An American air strike on a Shebab training camp in Somalia killed more than 150 fighters planning an imminent attack on forces from the United States and its regional allies, the Pentagon said Monday.
While the US military regularly conducts operations targeting the Al-Qaeda-linked fighters in Somalia, Saturday's raid had a greater toll than all previous such US strikes combined.
The raids, which began in 2003, had killed between 113 and 136 militants prior to the latest operation, according to the New America foundation.
Captain Jeff Davis, a Pentagon spokesman, said the strike on Camp Raso killed fighters as they were completing "training for a large-scale attack."
Warplanes and unmanned drones were used in the strike, about 120 miles (195 kilometers) north of Mogadishu.
"We know they were going to be departing the camp and they posed an imminent threat to US and (African Union) forces," Davis said, noting that as many as 200 fighters had been using the camp.
The US military has a small and secretive presence in Somalia, with a defense official estimating the current number of American troops in the country on an advise-and-assist mission at 150.
After a relative calm in the Somali capital, the Shebab have ramped up attacks in recent months, taking advantage of the apathy of the African Union's AMISOM mission and the weakness of Somalia's central government.
Davis said the group had neared the completion of specialist training to conduct "offensive operations," declining to provide further details on the assault the fighters were allegedly planning.
"Their removal will degrade al-Shebab's ability to meet the group's objectives in Somalia, which includes recruiting new members, establishing bases and planning attacks on US and AMISOM forces there," he said.
The training camp had been under surveillance for some time ahead of the strike.
US air strike on Shebab training camp in Somalia.
"There was a sense that the operational phase was about to happen," Davis said.
Pentagon press secretary Peter Cook said the strike was carried out in "self defense," but he did not provide any detail on the threat the fighters may have posed.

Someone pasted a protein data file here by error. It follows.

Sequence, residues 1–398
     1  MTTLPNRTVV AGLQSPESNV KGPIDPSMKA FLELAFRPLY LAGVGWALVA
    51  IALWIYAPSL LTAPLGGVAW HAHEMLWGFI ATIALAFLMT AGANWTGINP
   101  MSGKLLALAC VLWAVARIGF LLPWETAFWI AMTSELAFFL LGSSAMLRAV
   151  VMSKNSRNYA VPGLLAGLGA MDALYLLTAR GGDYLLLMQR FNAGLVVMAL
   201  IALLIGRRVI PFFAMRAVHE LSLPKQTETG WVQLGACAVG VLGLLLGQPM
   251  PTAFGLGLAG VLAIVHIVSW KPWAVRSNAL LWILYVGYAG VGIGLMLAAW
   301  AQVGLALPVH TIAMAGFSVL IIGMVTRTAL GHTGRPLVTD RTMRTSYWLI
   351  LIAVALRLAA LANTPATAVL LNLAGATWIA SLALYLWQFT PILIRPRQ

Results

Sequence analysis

Attacks on the rise
Shebab fighters have claimed responsibility for a string of recent attacks, including a twin bombing at a busy restaurant in the Somali city of Baidoa last month.
Also Monday, six people were wounded when a laptop bomb exploded at an airport in Somalia, police said, the second such attack in recent weeks targeting passenger aircraft.
The bomb exploded at a checkpoint in the small central town of Beledweyne, some 200 miles (325 kilometers) north of the capital Mogadishu, where last month Shebab insurgents claimed responsibility for a bomb attack which ripped a hole in a passenger plane shortly after takeoff.
No one immediately claimed responsibility for the latest blast, which took place at a checking area where security screening is carried out before cargo and bags are loaded onto planes.
On January 15, Shebab fighters overran a military outpost in El-Adde, southern Somalia, manned by up to 200 Kenyan soldiers deployed as part of the African Union peace-enforcement mission, AMISOM.
Somali soldiers and residents stand near cars and buildings wrecked in an attack claimed by the Al-Qaeda-linked Shebab militants, in Mogadishu, on February 27, 2016.
Kenya has refused to say how many of its soldiers were killed in the attack.
Shebab fighters are targeting AMISOM because in the absence of a functioning national army. The 22,000-strong force is the only protector of the internationally backed government the jihadists are committed to overthrowing.
More transparency on US strikes?
President Barack Obama's administration promised to publish in the coming weeks a casualty count from the air raids it has conducted since he took office in 2009.
The toll is due to list both combatants and civilians the US believes were killed.
Critics have condemned the lack of transparency on these raids, often taking place in unstable countries inhospitable to US forces like Pakistan, Somalia and Yemen, where the United States is not officially at war.